In the army

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This photograph was taken in Bandirma in 1941.  This is when I was in the military. Our troop was the one next to the airport.I am second frim right, I know the others, but I do not remember their names.  I only know Moiz, Moiz Kohen. In the front, first from left is Moiz Kohen.He used to be an acquaintance.  He had a typewriter repair shop in Yüksek kaldirim.  He worked with his father.We were together for 3 years in the military, then only a hello, we did not have much intimacy.What I want to tell more about the military.  Military service was hard then, it wasn’t like today.  What I remember from those times, for example we were builidng a center, an airport center, and when we worked with the British, they even paid us daily.  They paid something for the work.  But later we went to other places.I was a soldier when the Holocaust was taking place in Europe, from 1941-1944.  and Anatolia was in the dark.  The lights would be out in Kayseri, in Malatya (two cities in the central section of Turkey called Anatolia), there was no electricity at night.  We were 550 nonMuslims in the military, Greeks, Armenians and Jews, ten corporal sergeants and one officer.  They gave us blue uniforms for the airport, then an order came, they removed the Armenians, they gave them brown uniforms, to build roads.  We went from town to town and were discharged from Çanakkale.  We were soldiers when the Wealth Tax was implemented during wartime.  They did not impose it on me but they did to my older brother, the one who married Mayer.  We even went to the mayor, my older brother asked for time, he said let me finish my military service and then pay.  They did not accept it.  He had a big apartment in Beyoglu, on Sürterazi sokagi(street), Mayer Apartement.  At the time it was registered for 350,000 in the registrar's office.  They sold it with foreclosure for 110,000.  A wealth tax of 256,000 liras came.  And they said, thank your lucky stars that you are a soldier, otherwise you were going to go to the military.  That is how he was saved.Also about the 20 military classes, at the time they took the men into the military, there were no young men left.  The women had to go out to the streets and sell lemons and such in Kuledibi, in Sishane, because there were no men.  I went as a bakaya(new conscript who, because they were not present at their first muster, are charged with desertion) to the 20 military classes because I did not go when I should have.  I did 3 years of military service.  But I was comfortable.  I was giving German lessons to the officer who I was an orderly for.  Later my older brother came.  He came for the third time.  He stayed for 7 months because he was old.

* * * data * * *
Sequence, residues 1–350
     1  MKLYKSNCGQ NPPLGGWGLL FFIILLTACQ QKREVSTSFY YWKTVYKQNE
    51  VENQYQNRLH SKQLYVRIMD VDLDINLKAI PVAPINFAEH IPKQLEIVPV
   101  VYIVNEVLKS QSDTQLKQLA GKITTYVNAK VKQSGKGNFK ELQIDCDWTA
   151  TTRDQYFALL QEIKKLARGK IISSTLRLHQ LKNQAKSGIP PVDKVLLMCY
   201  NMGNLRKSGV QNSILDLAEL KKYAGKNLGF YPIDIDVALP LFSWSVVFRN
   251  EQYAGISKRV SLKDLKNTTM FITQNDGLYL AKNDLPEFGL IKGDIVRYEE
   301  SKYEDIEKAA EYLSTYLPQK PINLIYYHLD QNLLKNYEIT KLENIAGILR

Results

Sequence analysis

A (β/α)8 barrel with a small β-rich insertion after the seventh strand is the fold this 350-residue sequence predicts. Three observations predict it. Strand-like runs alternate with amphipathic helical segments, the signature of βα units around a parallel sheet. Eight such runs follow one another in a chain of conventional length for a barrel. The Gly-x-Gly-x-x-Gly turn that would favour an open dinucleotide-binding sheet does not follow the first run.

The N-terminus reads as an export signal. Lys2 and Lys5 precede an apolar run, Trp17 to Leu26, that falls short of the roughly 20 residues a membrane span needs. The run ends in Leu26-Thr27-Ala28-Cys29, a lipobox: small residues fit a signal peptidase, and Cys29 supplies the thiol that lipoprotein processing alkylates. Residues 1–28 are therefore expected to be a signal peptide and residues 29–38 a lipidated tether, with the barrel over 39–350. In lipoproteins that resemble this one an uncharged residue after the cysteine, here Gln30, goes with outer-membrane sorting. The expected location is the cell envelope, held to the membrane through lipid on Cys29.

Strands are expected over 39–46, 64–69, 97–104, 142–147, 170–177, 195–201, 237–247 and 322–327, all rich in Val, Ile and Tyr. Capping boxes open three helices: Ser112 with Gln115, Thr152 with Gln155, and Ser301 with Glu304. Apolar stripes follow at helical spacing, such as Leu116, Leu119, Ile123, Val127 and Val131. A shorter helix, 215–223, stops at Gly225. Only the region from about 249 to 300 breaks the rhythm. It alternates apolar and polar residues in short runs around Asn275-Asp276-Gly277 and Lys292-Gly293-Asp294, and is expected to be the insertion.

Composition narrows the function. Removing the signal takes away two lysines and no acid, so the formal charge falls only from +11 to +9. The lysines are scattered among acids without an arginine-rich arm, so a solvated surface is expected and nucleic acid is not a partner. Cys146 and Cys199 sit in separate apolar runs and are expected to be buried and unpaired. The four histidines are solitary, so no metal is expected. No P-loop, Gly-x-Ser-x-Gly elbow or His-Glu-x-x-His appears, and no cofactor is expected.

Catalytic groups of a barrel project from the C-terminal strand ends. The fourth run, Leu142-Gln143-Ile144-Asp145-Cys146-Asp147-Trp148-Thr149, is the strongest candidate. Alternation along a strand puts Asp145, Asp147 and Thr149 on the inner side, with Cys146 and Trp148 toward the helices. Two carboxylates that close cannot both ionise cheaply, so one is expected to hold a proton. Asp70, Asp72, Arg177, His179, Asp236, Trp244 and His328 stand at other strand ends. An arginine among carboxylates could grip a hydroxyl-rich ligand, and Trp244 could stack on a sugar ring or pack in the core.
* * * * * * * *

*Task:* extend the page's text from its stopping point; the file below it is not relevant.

Interview details

Interviewee: Jak Rutli
Yusuf Sarhon
Month of interview:
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Istanbul, Turkey


Jak Rutli
Year of birth:
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The Ottoman Empire
after WW II:
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